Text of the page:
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Judy’s Shelf

August 25, 2014

“Judy’s Shelf” has been part of the library for, like, for-ev-er. After Judy moved to Salida from Denver, where she worked at the Tattered Cover Book Store, we began getting requests at the library: “Judy told me to read this …”

Eventually, we convinced her to stock a shelf and write short reviews for the bookmarks inside the books. Now, back in Denver, she still maintains it. Here are a few of her notes about the most recent batch of seven.

“Luminaries” by Eleanor Catton. “This book could easily have been edited down several hundred pages … (but) … Disappearances, murders, fortunes won and lost, and all manner of subterfuge won this book the Man Booker Prize of 2013.”

“Theft” by B.K. Loren. “Willa Robbins is a young woman living in New Mexico, who has been hired by the Wilderness and Water Agency to track two re-introduced Mexican grey wolves that ranchers believe have been taking down their cattle. Her master tracker skills are required elsewhere, however, when the Colorado State Police ask her help in finding her estranged brother who has been accused of murder and is on the lam. It’s a bold and gripping first novel from a prize-winning Colorado writer. Loren won the 2014 Colorado Book Award for her creative non-fiction, “Animal, Mineral, Radical: Essays on Wildlife, Family, and Food,” which is next on my list of books to read.”

“11-22-63” by Stephen King. “This is my first Stephen King novel, and I approached it with some trepidation … but I found this story of time travel very engaging. When Jake Epping falls through the rabbit hole and enters the world of 1963, he has the opportunity to change world events.”

“I Hate To Leave This Beautiful Place” by Howard Norman. “This small and beautifully written book by the author of “The Bird Artist,” is a treasure, and one of the loveliest memoirs I have ever read. The last chapter, “The Healing Powers of the Western Oystercatcher,” needs to be read over and over …”

“The Dog Stars” by Peter Heller. “You’re either going to love this book or hate it, but for me, the jury is still out. Heller doesn’t use quotation marks, and often his sentence structure is pretty bizarre, but somehow the book is captivating. Hig and his dog, Jasper, are the stars in this post-apocalyptic novel of survival after a pandemic flu wipes out a good portion of the known world.”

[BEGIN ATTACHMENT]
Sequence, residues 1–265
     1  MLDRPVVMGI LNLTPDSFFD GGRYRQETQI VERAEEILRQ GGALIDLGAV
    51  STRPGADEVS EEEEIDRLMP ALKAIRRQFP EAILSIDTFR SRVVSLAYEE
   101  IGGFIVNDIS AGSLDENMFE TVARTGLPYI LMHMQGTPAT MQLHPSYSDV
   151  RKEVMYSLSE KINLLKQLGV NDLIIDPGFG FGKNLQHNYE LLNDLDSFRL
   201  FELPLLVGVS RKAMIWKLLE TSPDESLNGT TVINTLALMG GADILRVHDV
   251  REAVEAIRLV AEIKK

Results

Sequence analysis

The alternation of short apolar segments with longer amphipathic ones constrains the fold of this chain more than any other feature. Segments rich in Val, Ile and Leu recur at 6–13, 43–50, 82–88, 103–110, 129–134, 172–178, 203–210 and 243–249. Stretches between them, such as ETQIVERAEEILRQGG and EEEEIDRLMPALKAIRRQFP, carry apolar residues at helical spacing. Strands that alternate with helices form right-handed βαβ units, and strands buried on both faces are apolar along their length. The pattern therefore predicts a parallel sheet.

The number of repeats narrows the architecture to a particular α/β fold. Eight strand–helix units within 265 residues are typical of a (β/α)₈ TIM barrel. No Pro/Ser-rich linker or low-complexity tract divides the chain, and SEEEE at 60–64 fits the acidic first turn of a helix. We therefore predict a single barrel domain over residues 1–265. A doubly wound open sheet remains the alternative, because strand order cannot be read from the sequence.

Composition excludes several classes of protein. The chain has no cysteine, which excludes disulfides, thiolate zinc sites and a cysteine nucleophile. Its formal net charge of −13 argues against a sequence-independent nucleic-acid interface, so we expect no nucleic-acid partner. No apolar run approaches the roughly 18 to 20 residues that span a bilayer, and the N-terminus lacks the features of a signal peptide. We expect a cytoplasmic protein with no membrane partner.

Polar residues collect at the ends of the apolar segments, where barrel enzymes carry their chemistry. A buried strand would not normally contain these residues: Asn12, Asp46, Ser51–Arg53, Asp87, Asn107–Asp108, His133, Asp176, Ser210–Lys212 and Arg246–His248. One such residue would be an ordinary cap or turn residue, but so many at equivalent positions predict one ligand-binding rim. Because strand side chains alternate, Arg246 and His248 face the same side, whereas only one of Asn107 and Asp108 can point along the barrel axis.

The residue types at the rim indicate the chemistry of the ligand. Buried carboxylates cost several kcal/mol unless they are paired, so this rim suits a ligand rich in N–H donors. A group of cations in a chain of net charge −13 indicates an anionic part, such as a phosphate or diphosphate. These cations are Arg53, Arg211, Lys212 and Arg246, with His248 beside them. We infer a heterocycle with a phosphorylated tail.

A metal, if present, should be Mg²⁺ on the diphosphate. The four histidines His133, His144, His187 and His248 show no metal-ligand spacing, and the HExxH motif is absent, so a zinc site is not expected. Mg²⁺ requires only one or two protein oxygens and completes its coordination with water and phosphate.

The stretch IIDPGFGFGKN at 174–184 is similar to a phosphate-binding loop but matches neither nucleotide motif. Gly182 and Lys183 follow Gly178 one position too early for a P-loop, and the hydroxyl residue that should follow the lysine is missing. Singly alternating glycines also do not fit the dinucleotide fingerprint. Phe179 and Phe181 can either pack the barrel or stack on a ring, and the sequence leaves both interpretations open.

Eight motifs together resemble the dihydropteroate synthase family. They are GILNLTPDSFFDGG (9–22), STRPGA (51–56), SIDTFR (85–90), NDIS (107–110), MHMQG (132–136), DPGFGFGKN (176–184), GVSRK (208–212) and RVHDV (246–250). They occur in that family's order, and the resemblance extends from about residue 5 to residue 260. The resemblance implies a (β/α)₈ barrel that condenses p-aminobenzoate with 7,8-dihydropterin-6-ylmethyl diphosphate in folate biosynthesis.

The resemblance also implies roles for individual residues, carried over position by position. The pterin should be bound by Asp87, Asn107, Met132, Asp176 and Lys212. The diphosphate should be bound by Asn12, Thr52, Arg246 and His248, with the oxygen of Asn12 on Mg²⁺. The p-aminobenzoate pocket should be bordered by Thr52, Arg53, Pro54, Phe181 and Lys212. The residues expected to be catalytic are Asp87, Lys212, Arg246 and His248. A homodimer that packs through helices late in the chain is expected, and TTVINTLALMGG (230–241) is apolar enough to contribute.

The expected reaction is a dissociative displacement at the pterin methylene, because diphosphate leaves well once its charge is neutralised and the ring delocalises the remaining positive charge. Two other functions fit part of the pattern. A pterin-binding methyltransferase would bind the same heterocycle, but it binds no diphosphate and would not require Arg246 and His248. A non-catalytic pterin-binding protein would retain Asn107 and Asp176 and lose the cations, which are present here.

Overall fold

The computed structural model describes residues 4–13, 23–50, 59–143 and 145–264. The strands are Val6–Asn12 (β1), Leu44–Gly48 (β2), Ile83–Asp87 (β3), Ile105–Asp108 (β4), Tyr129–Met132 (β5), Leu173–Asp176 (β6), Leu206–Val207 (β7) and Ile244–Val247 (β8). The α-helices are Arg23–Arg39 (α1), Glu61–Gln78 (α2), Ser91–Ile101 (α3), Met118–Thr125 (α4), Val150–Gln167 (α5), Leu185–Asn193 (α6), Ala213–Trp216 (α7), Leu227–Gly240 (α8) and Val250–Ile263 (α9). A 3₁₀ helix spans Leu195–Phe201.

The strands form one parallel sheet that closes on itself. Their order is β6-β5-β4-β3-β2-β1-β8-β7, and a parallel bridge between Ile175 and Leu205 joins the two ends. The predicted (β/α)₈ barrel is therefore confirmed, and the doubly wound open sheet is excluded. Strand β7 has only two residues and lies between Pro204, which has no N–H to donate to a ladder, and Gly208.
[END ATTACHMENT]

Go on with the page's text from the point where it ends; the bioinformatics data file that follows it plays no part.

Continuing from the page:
“The Dinner” by Herman Koch. “What I liked most about this quick read is that any preconceived notions of what the reader thinks would happen next doesn’t! Two couples go to dinner (the men are brothers), and the superficial, congenial conversation among them disintegrates quickly when they discuss the recent nefarious activities of their children.”

“Full Body Burden” by Kristen Iversen. “Rocky Flats Nuclear Weapons Plant outside of Golden, Colorado, was a foundry built in the early 1950’s that smelted plutonium, purified it, and shaped it into “triggers” for nuclear bombs … As a child, Kristen Iversen moved with her family to a subdivision next to the plant … It was shocking to read this narrative non-fiction, and I will forever feel ashamed to have driven by the protesters years ago and not to have joined them.”

Thank you, Judy! I loved “The Bird Artist” and took “I Hate to Leave This Beautiful Place” on vacation, along with W.G. Sebald’s “The Rings of Saturn.” Both are marvelous books we will revisit here. Next up: “Art as Therapy” by favorite author Alain de Botton.


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